Synchronization and backup programs

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This wiki page contains information about various backup programs. It's a good idea to have regular backups of important data, most notably configuration files (/etc/*) and local pacman database (usually /var/lib/pacman/local/*).

Few words to end the introduction: before you start trying programs out, try to think about your needs, e.g. consider the following questions:

  • What backup medium do I have available?
    • cd / dvd
    • remote server (With what access? Ssh? Can I install some software on it (necessary for e.g. rsync-based solutions)?)
    • external harddrive
  • How often do I plan to backup?
    • daily?
    • weekly?
    • less often?
  • What goodies do I expect from the backup solution?
    • compression? (what algorithms?)
    • encryption? (gpg or something more straightforward?)
  • Most importantly: how do I plan to restore backups if needed?

All right, enough with this, let's see some options!

Incremental backups

The point with these is that they remember what has been backed up during the last run, and back up only what has changed. Great if you back up often.

Rsync-type backups

The main characteristic of this type of backups is that they maintain a copy of the directory you want to keep a backup of, together with files which describe how did the contents change from the last backup (the so-called 'diffs'). Hence, they are inherently incremental, but usually they don't have compression/encryption. On the other hand, a working copy of everything is immediately available, no decompression/decryption needed. Finally the way it works makes it hard to burn backups to cd/dvd..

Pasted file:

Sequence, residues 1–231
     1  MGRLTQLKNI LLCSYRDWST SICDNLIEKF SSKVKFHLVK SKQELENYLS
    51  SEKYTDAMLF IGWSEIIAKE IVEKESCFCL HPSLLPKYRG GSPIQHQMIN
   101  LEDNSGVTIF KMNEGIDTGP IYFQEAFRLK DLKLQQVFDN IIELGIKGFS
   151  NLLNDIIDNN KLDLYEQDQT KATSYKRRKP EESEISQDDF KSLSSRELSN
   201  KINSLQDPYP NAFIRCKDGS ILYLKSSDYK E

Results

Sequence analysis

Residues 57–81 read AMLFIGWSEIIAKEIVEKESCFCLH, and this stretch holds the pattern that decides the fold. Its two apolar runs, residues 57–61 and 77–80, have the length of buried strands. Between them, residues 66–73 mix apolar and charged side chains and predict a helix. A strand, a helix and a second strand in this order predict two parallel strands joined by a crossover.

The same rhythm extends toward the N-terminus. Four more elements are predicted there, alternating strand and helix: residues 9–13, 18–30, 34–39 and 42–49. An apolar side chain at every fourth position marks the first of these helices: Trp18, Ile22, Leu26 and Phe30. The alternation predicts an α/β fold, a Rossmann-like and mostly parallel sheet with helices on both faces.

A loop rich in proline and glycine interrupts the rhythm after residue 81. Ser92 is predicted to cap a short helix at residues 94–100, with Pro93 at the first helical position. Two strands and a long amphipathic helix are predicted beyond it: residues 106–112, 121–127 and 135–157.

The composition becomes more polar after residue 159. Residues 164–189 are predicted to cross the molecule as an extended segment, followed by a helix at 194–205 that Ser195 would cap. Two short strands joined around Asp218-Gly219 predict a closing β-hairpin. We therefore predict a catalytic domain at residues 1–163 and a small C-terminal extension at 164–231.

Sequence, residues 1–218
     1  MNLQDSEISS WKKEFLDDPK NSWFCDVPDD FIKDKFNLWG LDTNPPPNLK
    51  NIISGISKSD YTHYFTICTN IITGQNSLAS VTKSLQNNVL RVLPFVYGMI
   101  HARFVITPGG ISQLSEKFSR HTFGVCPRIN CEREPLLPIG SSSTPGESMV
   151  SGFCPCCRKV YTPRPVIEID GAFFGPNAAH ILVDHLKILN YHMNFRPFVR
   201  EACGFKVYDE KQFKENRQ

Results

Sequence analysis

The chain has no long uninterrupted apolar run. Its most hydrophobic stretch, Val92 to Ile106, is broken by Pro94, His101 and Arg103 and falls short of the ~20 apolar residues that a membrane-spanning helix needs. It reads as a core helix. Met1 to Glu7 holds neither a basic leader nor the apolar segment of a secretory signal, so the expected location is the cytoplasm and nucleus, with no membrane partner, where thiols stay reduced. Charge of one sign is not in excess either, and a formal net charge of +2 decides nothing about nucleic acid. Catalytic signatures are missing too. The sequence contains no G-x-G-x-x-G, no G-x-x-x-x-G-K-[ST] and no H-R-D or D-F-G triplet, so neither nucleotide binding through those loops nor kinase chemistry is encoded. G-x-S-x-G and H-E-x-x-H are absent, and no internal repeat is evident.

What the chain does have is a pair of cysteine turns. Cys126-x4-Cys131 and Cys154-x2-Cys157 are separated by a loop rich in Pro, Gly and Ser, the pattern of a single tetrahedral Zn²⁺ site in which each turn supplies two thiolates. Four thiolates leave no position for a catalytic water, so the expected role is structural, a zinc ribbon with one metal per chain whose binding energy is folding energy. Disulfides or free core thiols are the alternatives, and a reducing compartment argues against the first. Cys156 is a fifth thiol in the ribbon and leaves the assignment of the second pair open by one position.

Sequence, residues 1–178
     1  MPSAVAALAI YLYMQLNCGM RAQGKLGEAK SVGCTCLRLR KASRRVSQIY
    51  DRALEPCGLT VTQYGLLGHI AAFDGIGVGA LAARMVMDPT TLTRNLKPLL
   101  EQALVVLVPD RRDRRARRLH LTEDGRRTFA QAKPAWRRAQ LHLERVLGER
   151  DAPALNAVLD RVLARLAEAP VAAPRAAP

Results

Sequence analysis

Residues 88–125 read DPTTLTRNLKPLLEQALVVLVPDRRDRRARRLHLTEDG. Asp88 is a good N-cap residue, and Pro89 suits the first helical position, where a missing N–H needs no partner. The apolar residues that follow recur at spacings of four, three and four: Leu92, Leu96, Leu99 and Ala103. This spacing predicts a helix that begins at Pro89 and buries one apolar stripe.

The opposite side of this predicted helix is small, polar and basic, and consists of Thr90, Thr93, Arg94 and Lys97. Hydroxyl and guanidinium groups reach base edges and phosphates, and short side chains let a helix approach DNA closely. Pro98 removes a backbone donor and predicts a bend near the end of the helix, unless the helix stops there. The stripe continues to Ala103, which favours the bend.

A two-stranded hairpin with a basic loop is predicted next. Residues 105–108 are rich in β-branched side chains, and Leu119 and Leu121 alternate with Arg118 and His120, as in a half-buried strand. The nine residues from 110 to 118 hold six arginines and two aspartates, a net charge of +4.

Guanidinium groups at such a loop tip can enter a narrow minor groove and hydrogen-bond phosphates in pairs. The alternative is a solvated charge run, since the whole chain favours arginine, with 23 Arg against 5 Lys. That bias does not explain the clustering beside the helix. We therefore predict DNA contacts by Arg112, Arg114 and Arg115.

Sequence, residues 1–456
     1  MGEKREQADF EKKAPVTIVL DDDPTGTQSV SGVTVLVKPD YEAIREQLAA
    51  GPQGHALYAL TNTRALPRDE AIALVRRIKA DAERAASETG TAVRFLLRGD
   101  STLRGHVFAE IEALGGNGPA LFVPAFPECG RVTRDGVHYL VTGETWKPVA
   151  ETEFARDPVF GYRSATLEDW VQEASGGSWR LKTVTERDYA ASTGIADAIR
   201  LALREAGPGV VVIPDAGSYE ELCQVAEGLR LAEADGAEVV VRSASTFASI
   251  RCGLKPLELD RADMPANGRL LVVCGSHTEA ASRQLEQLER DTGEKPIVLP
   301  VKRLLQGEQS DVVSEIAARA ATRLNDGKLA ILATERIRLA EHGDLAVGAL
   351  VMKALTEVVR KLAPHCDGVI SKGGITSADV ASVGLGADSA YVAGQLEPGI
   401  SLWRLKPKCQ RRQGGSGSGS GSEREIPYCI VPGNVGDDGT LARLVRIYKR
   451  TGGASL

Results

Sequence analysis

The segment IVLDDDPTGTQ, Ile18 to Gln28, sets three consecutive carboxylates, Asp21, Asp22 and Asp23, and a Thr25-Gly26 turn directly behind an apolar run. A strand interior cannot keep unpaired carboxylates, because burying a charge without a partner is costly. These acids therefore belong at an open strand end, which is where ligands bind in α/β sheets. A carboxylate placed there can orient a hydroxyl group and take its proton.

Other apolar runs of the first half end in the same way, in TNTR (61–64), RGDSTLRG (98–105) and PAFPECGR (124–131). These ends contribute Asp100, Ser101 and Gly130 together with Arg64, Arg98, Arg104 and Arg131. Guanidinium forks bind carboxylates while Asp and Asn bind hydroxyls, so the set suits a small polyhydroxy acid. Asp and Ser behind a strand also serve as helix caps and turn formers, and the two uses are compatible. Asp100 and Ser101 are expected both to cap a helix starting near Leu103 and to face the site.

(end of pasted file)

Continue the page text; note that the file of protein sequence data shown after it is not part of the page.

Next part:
command line based
  • rsync (in extra repo)
  • rdiff-backup (in community repo)
  • rsnapshot (in community repo)
  • safekeep (in AUR)
  • Link-Backup (AUR may be patched with additional features) is similar to rsync based scripts, but does not use rsync
    • creates hard links between a series of backed-up trees (snapshots)
    • intelligently handles renames, moves, and duplicate files without additional storage or transfer
    • dstdir/.catalog is a catalog of all unique file instances; backup trees hard-link to the catalog
    • if a backup tree would be identical to the previous backup tree, it won't be needlessly created
    • transfer occurs over standard I/O locally or remotely between a client and server instance of this script
    • it copies itself to the server; it does not need to be installed on the server
    • remote backups rely on SSH
    • it resumes stopped backups; it can even be told to run for n minutes
gui based

Not rsync-based

They tend to create (big) archive files (like tar.bz2), and (of course) keep track of what's been archived. Now creating tar.bz2 or tar.gz archives has the advantage that you can extract the backups with just tar/bzip2/gzip, so you don't need to have the backup program around.

  • arch-backup (in community repo); website); trivial backup scripts with simple configuration:
    • compression method can be configured
    • possible to specify more directories to backup
  • hdup (in extra repo; website; it's no longer developed, the author develops rdup now (below); but it's still a decent one):